In a setback to Delhi’s Aam Aadmi Party (AAP) government, the Delhi high court on Thursday upheld the administrative powers of the Lieutenant-Governor (L-G) in matters of public order, land, police and services—including the power to appoint civil servants—in the national capital.

“Directions under the notification granting independence in decision making to the Lt. Governor are neither illegal nor unconstitutional," said G. Rohini, chief justice of the Delhi high court.

The Delhi government said it will appeal the ruling in the Supreme Court.

“Delhi government disagrees with the decision of the Hon’ble Delhi high court on powers distribution and will challenge the HC verdict in SC," said a spokesperson for the Delhi government.

The ruling comes at a time when Delhi chief minister and AAP national convener Arvind Kejriwal is away in the hills of Dharamsala for a 10-day course in Buddhist vipassana meditation techniques.

Delhi is a special state where matters of law, order and land come under the central home ministry—a status that has led to mounting tensions between the state and the central governments, who are rivals on the national stage.

The high court emphasized the administrative capacity of the L-G while ruling that Delhi continues to be a Union territory under the Transaction of Business Rules despite Article 239 AA of the Constitution making some special provisions with respect to Delhi.

In accordance with this, a batch of cases where an inquiry was initiated by the AAP government without the concurrence of the L-G was dismissed and held illegal.

All notifications initiating such inquiries were struck down under the court’s orders.

These included the Delhi government’s inquiry into alleged irregularities in the issuance of compressed natural gas (CNG) certificates to vehicles and a probe into alleged malpractices and irregularities in the functioning of the Delhi and District Cricket Association, among others.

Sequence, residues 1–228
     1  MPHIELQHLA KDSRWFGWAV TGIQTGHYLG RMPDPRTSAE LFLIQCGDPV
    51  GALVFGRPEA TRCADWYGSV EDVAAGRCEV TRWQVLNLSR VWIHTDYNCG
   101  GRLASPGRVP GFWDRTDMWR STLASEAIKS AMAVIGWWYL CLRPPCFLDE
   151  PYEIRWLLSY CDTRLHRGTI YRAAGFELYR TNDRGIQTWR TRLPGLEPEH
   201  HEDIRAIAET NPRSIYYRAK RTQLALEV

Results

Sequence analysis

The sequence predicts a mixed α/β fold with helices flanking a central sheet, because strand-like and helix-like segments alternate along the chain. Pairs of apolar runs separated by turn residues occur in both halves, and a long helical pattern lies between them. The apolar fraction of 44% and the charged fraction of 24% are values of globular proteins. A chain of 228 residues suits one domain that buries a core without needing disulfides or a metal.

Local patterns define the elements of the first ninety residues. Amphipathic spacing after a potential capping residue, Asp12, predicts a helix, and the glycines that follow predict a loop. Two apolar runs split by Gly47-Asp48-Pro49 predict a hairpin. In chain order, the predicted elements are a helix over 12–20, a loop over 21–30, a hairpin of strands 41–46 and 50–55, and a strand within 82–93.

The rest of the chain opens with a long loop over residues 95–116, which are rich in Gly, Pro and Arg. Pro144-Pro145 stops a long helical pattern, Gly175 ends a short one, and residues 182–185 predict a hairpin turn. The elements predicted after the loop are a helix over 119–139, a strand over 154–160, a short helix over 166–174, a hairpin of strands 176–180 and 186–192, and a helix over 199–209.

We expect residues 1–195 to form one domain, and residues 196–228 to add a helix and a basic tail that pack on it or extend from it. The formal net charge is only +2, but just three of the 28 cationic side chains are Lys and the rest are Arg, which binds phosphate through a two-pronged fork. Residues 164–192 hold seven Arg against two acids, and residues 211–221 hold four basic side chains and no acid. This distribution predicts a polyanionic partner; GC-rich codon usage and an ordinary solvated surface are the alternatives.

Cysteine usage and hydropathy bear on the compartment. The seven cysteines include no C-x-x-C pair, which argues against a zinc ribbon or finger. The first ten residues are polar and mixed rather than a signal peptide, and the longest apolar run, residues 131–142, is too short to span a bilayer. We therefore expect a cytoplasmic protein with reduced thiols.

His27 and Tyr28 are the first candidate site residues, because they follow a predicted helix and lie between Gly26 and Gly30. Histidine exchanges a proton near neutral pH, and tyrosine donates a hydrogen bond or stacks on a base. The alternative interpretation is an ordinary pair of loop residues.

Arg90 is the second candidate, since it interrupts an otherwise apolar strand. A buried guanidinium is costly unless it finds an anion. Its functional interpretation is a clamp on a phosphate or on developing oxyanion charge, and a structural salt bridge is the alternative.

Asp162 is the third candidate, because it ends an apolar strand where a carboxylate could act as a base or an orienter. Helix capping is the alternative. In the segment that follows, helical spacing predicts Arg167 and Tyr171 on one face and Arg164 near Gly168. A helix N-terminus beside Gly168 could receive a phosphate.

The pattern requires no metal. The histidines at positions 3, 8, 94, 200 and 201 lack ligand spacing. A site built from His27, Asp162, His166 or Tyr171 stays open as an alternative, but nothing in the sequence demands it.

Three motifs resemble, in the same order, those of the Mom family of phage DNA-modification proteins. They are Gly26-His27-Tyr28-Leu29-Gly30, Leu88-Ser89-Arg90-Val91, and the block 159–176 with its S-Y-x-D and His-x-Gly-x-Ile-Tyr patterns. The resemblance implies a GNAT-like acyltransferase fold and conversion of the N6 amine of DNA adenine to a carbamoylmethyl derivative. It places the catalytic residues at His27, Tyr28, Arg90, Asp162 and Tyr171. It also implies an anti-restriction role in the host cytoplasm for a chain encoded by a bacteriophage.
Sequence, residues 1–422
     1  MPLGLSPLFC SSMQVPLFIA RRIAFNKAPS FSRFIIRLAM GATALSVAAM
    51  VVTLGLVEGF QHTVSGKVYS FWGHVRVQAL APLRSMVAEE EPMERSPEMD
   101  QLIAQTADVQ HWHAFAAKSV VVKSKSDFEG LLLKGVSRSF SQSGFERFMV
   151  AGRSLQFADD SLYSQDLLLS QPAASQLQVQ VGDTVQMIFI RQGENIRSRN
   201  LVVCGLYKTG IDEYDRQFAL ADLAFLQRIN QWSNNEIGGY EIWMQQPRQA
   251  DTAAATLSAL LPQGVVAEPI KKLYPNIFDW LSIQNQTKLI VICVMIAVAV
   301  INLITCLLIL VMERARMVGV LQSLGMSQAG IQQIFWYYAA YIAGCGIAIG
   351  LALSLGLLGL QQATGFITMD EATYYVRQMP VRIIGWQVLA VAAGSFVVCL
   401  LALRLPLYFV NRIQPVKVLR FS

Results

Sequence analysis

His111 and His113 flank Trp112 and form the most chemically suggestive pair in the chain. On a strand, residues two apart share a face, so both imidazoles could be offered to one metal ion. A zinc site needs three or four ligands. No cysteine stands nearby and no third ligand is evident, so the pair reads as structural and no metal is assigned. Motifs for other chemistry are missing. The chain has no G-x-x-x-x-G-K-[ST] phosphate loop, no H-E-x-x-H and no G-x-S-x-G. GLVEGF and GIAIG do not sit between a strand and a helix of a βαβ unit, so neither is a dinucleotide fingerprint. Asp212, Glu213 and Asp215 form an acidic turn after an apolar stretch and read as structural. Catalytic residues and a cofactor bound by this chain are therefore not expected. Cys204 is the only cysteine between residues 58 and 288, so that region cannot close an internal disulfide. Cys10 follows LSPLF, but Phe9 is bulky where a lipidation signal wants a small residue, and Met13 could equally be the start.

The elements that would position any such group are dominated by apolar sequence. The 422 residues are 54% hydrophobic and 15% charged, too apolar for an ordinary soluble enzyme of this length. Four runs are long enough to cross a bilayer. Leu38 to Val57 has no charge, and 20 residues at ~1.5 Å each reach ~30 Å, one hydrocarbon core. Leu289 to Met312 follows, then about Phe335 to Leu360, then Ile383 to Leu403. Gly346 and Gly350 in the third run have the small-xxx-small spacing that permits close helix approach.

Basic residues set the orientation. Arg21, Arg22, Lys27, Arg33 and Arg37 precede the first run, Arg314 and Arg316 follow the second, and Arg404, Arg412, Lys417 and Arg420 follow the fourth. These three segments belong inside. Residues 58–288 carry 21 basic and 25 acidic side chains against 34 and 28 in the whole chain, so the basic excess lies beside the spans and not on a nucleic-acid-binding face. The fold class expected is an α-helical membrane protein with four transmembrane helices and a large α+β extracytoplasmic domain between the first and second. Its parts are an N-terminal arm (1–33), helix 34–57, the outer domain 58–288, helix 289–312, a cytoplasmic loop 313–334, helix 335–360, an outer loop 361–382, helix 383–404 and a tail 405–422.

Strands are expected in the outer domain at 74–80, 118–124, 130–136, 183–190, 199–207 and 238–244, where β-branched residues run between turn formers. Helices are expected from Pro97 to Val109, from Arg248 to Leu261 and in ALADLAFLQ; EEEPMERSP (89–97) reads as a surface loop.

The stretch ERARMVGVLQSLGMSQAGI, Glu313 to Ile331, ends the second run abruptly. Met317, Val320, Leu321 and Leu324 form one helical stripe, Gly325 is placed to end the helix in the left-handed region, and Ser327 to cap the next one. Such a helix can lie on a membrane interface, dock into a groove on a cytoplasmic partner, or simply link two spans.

“It is mandatory under the constitutional scheme to communicate the decision of the council of ministers to the Lt. Governor even in relation to matters in respect of which power to make laws is conferred on the legislative assembly of NCT of Delhi." the court held.

NCT, or the national capital territory, is the city-state that falls within the geographical boundary of Delhi.

Calling it a historic judgement, Najeeb Jung, L-G of Delhi, said, “I and my colleagues have tried to stay in spirit to the letter and ideology that is enshrined in the Constitution. This judgement is interesting because the arguments went on for one year. This is an issue of the sanctity of the Constitution. We have tried to stay true to the Constitution in the last one-and-a-half years. That is where disputes have often come up."

Most recently, the issue arose with the passing of a notification by the ministry of home affairs (MHA) on 21 May, which replaced a 1998 notification on the powers of the L-G and the Delhi government.